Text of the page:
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Snow/Ice disruption from 29 Dec onwards

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Wivenswold

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Good evening,

The first stage of a big "cool down" is in place today. Conditions remain marginal for snow/rain in the South but some higher ground will see accumilations and as the air continues to cool, forecast weather systems on Wednesday, Friday and the start of next week could bring very heavy snow. Prior to that, there may even be patches of freezing rain, normal rain, sleet and snow showers. The whole of the UK will be affected at some point in the next 10 days+

Winds turn Easterly over the weekend and then the real cold starts to dig in. An unusually warm North Sea is adding complications though, it increases the potential precipitation amounts and temperature which favours rain but then evaporating cooling could come into effect turning the lot to fluffy white snow whereever it falls. It's a forecasters' nightmare.

There will be disruption so I thought I'd start a thread to discuss it but also to serve as a reminder/warning for anyone travelling or working, especially rail workers who may be affected.

The Met Office has issued precautionary weather warnings. Being a marginal event weather apps are more useless than usual. Keep up to date with the Met Office, they have detailed forecasts produced by humans on You Tube.

Here are the warnings as of tonight.

 
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Pete_uk

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Are there any problems with rails or point in extreme cold like there is with extreme heat?
 

bramling

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Are there any problems with rails or point in extreme cold like there is with extreme heat?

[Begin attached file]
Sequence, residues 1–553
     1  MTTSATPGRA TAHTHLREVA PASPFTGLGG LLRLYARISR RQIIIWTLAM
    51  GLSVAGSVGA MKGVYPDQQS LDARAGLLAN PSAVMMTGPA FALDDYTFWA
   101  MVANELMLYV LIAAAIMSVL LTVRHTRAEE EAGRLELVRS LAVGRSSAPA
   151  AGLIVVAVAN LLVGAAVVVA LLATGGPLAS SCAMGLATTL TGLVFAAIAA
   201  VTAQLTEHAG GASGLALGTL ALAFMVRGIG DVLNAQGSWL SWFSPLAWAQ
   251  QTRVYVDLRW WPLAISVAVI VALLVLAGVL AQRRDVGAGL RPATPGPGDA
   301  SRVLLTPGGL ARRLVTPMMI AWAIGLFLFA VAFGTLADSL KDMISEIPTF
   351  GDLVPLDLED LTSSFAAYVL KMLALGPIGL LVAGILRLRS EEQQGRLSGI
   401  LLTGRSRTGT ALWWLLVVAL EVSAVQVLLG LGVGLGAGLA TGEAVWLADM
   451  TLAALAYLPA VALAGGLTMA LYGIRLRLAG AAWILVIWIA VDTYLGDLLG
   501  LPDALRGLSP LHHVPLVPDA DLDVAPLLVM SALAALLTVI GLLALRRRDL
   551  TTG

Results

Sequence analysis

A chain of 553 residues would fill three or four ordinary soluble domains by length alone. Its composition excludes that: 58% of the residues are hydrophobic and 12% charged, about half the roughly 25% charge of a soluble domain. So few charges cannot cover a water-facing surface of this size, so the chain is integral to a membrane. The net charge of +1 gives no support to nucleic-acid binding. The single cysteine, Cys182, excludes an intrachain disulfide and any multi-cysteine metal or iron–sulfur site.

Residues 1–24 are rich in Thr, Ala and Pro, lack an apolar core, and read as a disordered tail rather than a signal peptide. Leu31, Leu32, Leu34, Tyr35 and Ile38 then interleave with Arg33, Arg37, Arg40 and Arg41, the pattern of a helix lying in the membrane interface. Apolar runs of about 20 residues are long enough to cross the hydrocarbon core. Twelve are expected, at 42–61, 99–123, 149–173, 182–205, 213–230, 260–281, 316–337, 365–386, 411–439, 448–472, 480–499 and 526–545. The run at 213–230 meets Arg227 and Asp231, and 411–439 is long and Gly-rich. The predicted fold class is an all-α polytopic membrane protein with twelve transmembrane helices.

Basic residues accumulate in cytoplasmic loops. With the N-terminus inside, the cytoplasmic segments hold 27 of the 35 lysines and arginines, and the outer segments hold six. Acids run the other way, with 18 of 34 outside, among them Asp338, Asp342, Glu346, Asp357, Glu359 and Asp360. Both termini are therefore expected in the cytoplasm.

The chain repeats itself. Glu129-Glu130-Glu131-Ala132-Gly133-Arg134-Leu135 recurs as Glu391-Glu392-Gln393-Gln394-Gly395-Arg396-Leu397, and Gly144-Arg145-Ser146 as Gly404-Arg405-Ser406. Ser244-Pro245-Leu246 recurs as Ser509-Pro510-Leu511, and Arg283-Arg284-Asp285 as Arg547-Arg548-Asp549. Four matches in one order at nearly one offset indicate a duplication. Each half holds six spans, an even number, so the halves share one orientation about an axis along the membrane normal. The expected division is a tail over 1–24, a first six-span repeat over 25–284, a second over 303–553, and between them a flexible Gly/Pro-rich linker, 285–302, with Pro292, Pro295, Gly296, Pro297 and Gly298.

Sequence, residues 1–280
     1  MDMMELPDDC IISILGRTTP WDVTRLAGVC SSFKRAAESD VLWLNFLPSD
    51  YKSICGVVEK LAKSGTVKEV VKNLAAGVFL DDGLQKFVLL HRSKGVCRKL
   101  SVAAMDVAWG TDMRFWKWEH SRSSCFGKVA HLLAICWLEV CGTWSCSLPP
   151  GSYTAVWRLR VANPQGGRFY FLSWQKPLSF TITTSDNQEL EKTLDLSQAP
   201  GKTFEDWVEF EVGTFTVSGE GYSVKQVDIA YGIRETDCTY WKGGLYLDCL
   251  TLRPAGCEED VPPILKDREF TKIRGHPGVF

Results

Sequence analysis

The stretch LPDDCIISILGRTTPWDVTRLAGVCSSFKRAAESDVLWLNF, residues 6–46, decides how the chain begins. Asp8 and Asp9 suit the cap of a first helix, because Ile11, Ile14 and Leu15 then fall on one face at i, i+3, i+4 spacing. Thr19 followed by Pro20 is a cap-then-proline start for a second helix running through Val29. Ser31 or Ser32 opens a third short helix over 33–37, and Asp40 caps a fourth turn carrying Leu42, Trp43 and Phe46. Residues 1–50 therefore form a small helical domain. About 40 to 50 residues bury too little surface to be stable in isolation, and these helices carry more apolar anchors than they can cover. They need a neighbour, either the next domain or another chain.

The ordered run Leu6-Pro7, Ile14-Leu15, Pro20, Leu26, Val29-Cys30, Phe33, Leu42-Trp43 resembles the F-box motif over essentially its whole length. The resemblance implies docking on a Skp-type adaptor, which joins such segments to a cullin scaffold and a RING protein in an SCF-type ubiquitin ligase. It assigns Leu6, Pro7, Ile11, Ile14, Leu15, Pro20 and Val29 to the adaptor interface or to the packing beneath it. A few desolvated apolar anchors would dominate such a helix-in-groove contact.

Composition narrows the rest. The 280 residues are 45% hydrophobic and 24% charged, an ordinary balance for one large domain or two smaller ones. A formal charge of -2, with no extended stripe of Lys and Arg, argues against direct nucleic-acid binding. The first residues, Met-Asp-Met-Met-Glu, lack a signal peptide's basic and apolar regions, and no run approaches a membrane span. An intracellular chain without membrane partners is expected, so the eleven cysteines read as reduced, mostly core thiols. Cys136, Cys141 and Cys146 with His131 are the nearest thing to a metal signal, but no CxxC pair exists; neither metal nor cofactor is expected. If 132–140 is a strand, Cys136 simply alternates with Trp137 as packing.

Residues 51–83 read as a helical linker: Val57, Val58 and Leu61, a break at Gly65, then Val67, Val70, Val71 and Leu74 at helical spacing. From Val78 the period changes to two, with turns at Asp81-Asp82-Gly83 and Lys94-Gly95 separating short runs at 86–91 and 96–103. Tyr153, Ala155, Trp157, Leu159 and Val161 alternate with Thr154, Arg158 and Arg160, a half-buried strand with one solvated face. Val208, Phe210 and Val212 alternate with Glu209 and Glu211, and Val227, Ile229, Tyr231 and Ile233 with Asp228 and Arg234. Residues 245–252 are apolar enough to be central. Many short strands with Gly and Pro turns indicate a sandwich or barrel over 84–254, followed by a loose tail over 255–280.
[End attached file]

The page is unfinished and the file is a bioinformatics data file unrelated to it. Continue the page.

Yes if point heaters aren't functioning correctly. The main thing with ice & snow is to keep the show moving. Problems multiply when the job stops, as this is when things start freezing up, especially on systems which rely on top-contact conductor rails as every minute when there's no train passing over is time spent freezing over.
 

ChiefPlanner

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Yes if point heaters aren't functioning correctly. The main thing with ice & snow is to keep the show moving. Problems multiply when the job stops, as this is when things start freezing up, especially on systems which rely on top-contact conductor rails as every minute when there's no train passing over is time spent freezing over.

Even without point heaters - in very low temperatures - it is good policy to move points fairly frequently (as it was with mechanical signalllng) , and in certain places a "key route strategy" is invoked to reduce point moves and to keep a certain % of routes functional.
 

Snow1964

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Are there any problems with rails or point in extreme cold like there is with extreme heat?

Dry cold should not be a problem (although in extreme cold, metal can be more brittle)

Damp, or when it freezes and forms ice, is a problem, and things get stuck, or ice stops point blades moving. Heaters are used to fix this.

Ice is also a problem on conductor rails

Snow is not a problem on plain line, until is gets above height of rails.
 

Ken H

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isnt there a problem with a 'hard road' when the ballast freezes and doesnt 'give' under a train?
 

AM9

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isnt there a problem with a 'hard road' when the ballast freezes and doesnt 'give' under a train?
Surely the ballast would need to be waterlogged and then freeze solid for that to be an issue, - most unlikely in the UK.
 

al78